Selecting variants within the reference populations designed for the cross-validation process resulted in five different sets of 50,000 variants each. Additional file 3: Figure S1 shows the overlap between these sets of selected sequence variants. In total, 16,041 selected variants were common to the five reference populations, and between 8404 to 8897 variants were unique to each of the reference populations.

Genetic parameters of SEQ and HD variants

Table 3 shows the heritabilities of MUN using the different sets of variants and the genetic correlation between MUN in AUS and MUN in NZL. Heritabilities were higher when only the SEQ variants were used than when HD variants were used, with heritabilities of 0.26 ± 0.01 (AUS) and 0.44 ± 0.01 (NZL) using the SEQ variants and 0.11 ± 0.01 (AUS) and 0.30 ± 0.01 (NZL) using the HD variants. The genetic correlation between MUN in AUS and in NZL increased substantially using the SEQ variants, from 0.27 ± 0.07 using the HD variants to 0.95 ± 0.02 using the SEQ variants. Similar genetic correlations were obtained in the cross-validation folds, ranging from 0.30 to 0.36 for the HD variants and from 0.93 to 1.00 for the SEQ variants.

Table 3 Heritability of and genetic correlation between MUN in Australia and in New Zealand (\({{r}}_{{g}},{{A}}{{U}}{{S}}-{{N}}{{Z}}{{L}}\)) using high-density and sequence variants

In the bivariate analyses to estimate the genetic correlation between MUN in Australia and MUN in New Zealand, a core set of 9157 animals was required to explain 95% of the variance of \(\mathbf{G}\). Additional file 4: Table S3 provides the breed and country composition of the animals that were selected for the core set.

Genomic prediction accuracy and bias

Figure 5 shows the genomic prediction accuracies averaged over the five folds. The accuracies for each fold are in Additional file 5: Table S4. Using HD variants, the multi-country reference population increased the prediction accuracy in the NZL cows compared to the within-country reference population, from 0.23 to 0.30 for NZL Holstein and from 0.25 to 0.30 for NZL Jersey. For the AUS validation cows, the multi-country reference population yielded slightly lower accuracies than the within-country reference population: the accuracy decreased from 0.18 to 0.17 in AUS Holstein, and from 0.16 to 0.14 in AUS Jersey.

Fig. 5
figure 5

Genomic prediction accuracy comparing reference populations and sets of variants. WC_HD within country reference population, using variants on the Illumina Bovine HD BeadChip (HD), WC_SEQ within country reference population, using selected sequence variants (SEQ), MC_HD multi country reference population, using HD variants, MC_SEQ multi country reference population, using SEQ variants, AUS_HOL Australian Holstein cows, AUS_JER Australian Jersey cows, NZL_HOL New Zealand Holstein cows, NZL_JER New Zealand Jersey cows

Using the SEQ variants instead of the HD variants resulted only in minor changes in accuracy using the within-country reference populations. However, the SEQ variants did substantially increase the accuracy in all populations using the multi-country reference population. Averaged across populations, accuracies obtained with the SEQ variants were equal to 0.20 using a within-country reference population and 0.39 using a multi-country reference population.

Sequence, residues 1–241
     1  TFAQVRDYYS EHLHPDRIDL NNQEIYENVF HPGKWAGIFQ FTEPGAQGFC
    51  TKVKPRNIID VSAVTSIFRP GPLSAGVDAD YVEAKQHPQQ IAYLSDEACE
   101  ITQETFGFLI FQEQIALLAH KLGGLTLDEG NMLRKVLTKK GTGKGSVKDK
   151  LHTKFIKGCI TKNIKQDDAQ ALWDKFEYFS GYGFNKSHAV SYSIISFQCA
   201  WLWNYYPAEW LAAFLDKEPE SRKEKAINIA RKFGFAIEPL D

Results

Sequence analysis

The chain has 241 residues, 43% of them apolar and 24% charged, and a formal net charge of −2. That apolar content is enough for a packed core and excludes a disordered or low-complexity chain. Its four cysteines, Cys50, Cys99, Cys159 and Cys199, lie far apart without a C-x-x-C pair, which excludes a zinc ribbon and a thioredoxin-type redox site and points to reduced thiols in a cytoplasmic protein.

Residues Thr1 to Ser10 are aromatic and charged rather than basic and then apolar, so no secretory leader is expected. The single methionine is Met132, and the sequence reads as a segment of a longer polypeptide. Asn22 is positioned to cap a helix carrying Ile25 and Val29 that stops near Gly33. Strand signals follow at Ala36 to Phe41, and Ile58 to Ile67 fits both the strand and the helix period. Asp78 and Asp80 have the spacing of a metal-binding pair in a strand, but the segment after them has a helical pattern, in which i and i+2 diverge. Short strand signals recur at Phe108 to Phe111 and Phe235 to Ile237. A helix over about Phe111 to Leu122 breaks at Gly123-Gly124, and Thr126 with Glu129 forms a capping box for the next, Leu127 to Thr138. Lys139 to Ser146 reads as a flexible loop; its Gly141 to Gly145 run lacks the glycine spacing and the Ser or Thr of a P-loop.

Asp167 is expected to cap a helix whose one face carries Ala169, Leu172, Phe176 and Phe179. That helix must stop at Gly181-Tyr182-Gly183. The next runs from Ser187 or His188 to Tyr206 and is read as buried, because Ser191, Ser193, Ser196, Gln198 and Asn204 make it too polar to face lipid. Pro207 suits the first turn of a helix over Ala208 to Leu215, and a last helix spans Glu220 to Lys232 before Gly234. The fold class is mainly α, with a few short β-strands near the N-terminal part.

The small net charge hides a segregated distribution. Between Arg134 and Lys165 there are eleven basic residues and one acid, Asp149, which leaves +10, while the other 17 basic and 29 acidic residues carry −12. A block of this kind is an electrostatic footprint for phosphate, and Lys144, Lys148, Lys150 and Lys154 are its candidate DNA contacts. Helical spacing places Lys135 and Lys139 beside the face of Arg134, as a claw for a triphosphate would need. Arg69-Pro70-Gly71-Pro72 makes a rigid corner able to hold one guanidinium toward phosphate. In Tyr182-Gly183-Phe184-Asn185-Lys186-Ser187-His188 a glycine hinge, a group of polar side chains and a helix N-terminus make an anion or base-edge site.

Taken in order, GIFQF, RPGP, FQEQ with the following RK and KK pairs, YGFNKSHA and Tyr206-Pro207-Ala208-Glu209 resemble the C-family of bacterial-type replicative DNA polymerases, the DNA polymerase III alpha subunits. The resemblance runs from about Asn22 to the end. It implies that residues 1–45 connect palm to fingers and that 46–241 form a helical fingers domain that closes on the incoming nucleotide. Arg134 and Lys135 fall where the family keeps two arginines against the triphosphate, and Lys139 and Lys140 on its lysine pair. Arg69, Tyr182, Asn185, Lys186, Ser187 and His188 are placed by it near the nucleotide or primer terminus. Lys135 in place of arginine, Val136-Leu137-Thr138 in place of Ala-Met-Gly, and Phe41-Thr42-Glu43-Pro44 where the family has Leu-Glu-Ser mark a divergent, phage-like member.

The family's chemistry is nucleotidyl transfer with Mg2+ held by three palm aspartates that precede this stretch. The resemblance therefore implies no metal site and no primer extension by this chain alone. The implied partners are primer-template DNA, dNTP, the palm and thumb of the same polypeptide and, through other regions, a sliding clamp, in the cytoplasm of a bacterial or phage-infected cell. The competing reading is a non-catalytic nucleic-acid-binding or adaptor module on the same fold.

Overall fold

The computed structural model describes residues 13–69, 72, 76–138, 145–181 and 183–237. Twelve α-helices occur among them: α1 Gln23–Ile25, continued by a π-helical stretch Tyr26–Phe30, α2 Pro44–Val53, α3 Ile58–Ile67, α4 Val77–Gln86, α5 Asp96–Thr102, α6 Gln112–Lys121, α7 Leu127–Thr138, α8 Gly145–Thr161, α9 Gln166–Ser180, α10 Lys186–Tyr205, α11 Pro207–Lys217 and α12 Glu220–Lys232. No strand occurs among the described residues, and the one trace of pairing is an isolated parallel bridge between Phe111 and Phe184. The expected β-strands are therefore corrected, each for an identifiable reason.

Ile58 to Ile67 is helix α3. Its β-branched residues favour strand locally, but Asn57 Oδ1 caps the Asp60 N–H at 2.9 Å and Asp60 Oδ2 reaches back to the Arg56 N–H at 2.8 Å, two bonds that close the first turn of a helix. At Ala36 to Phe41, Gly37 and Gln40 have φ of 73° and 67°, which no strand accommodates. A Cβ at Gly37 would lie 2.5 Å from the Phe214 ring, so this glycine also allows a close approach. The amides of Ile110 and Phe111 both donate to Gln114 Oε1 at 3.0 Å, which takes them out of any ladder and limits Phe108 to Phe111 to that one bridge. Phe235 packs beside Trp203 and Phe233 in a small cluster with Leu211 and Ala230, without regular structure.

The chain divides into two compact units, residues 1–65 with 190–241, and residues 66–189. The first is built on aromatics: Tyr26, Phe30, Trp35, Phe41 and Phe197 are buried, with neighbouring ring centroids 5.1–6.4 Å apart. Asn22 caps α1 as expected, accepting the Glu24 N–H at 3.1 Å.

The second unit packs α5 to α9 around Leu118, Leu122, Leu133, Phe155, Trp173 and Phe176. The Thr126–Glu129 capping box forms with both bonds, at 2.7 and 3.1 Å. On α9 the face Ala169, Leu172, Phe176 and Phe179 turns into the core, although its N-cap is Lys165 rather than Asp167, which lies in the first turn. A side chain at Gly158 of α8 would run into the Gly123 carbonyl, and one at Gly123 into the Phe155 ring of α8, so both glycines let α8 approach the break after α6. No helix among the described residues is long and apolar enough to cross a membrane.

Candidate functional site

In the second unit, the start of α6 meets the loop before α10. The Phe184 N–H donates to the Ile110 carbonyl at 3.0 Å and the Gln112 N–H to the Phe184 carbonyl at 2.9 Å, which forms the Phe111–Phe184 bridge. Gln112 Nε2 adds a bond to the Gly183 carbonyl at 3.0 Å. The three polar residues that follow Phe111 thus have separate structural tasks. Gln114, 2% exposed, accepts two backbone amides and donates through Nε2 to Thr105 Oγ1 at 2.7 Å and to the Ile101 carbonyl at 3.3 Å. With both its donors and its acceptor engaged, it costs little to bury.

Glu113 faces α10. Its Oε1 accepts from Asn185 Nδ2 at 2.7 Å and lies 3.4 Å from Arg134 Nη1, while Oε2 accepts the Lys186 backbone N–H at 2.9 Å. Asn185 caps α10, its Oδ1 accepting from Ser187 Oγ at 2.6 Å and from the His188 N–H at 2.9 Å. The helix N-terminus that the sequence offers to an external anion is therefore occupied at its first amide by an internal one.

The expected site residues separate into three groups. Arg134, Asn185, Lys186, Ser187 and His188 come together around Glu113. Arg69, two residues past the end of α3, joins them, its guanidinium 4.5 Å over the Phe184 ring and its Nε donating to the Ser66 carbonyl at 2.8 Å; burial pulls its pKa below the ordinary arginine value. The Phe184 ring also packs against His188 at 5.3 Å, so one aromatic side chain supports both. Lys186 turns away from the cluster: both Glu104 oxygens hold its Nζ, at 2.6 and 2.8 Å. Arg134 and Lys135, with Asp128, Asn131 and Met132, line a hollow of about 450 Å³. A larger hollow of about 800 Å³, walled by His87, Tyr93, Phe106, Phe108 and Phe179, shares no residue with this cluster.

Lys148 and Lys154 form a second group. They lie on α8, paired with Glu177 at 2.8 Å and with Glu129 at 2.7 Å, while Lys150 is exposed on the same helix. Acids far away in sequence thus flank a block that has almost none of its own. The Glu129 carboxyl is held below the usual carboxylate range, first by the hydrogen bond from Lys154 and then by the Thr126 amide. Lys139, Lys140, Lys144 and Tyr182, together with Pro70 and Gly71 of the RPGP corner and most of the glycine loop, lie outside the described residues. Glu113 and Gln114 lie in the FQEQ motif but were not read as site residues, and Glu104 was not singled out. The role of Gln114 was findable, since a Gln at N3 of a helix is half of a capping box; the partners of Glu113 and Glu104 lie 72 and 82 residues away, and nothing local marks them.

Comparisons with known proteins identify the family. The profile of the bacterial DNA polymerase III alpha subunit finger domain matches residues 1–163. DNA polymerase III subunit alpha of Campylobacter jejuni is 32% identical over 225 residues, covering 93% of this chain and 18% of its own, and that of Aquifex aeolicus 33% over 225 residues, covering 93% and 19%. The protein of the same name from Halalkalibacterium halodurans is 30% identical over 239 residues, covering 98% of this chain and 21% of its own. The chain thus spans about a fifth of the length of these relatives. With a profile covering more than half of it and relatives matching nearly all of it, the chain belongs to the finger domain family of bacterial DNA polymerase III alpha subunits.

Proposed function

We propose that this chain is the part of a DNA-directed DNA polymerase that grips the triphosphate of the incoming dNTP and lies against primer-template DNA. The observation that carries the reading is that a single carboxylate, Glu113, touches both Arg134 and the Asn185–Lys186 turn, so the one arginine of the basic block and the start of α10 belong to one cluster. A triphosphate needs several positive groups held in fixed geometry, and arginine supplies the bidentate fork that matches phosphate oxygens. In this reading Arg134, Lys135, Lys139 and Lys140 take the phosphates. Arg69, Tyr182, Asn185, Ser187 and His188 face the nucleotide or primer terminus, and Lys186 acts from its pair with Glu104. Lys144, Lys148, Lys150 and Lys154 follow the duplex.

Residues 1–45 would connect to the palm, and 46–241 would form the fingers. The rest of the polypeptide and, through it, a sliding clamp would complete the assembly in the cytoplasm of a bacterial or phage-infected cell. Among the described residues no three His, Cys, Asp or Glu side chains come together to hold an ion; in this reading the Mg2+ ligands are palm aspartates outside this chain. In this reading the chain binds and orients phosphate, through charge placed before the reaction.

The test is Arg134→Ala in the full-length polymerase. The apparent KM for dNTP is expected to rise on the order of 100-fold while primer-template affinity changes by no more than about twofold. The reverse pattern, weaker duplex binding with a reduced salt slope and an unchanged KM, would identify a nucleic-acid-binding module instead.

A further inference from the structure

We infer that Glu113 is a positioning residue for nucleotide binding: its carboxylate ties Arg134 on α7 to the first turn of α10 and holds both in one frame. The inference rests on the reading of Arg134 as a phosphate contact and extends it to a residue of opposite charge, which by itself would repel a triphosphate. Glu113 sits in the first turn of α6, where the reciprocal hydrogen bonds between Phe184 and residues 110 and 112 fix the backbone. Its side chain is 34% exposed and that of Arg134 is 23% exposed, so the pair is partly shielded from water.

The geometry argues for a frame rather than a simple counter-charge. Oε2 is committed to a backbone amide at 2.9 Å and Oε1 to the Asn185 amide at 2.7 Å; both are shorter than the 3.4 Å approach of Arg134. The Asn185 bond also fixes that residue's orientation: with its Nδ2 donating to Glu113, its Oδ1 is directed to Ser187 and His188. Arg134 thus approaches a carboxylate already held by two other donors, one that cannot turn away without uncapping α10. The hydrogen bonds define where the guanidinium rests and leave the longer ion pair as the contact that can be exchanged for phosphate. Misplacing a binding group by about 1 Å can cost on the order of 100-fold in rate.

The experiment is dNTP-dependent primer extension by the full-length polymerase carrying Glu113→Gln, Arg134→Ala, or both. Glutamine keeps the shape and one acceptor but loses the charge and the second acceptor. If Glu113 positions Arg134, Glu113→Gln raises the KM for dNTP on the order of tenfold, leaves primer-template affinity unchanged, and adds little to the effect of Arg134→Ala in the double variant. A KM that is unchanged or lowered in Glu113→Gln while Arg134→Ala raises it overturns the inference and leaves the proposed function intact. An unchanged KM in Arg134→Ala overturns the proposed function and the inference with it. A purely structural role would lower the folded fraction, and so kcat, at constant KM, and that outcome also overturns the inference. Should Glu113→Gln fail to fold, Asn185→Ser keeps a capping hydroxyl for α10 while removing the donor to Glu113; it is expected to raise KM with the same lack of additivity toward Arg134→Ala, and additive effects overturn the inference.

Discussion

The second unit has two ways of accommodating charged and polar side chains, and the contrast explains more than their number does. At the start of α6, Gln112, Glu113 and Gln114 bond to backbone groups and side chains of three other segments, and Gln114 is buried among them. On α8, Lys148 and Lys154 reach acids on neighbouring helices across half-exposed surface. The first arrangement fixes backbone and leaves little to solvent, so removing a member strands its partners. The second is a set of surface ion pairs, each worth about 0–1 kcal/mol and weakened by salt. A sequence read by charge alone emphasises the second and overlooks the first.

The SEQ variants increased the bias substantially when a within-country reference population was used (Fig. 6). For example, the regression coefficient for within-country prediction in AUS Holstein was 1.01 with the HD variants and 0.44 with the SEQ variants. However, for multi-country prediction the biases using the SEQ variants were similar to or smaller than those obtained with the HD variants. For multi-country prediction in NZL Holstein, a regression coefficient of 1.27 was obtained using the HD variants which decreased to 0.95 when using the SEQ variants.

Fig. 6
figure 6

Genomic prediction bias comparing reference populations and sets of variants. WC_HD within country reference population, using variants on the Illumina Bovine HD BeadChip (HD), WC_SEQ within country reference population, using selected sequence variants (SEQ), MC_HD multi country reference population, using HD variants, MC_SEQ multi country reference population, using SEQ variants, AUS_HOL Australian Holstein cows, AUS_JER Australian Jersey cows, NZL_HOL New Zealand Holstein cows, NZL_JER New Zealand Jersey cows

Discussion

We detected several QTL for MUN and showed how sequence variants that were selected based on GWAS for MUN can be used to substantially increase the prediction accuracy for MUN in AUS and NZL when using a multi-country reference population.

GWAS on AUS and NZL cows

Interestingly, while several peaks were present in both the AUS and NZL GWAS, the major peak in the AUS GWAS that was on chromosome 14 was not present in the NZL GWAS. The relatively low genetic correlations between MUN in AUS and in NZL [5] indicate that MUN in AUS and MUN in NZL may not, from a genetic perspective, be considered as the same trait. Hence, differences in GWAS were expected. The peak on chromosome 14 included variants that are located in the DGAT1 gene, a major QTL associated with fat yield in dairy cattle [32]. MUN in AUS has a significant correlation with fat yield, while this is not the case for MUN in NZL [5], which may explain why the peak on chromosome 14 was present in the AUS but not in the NZL GWAS.

QTL detected for MUN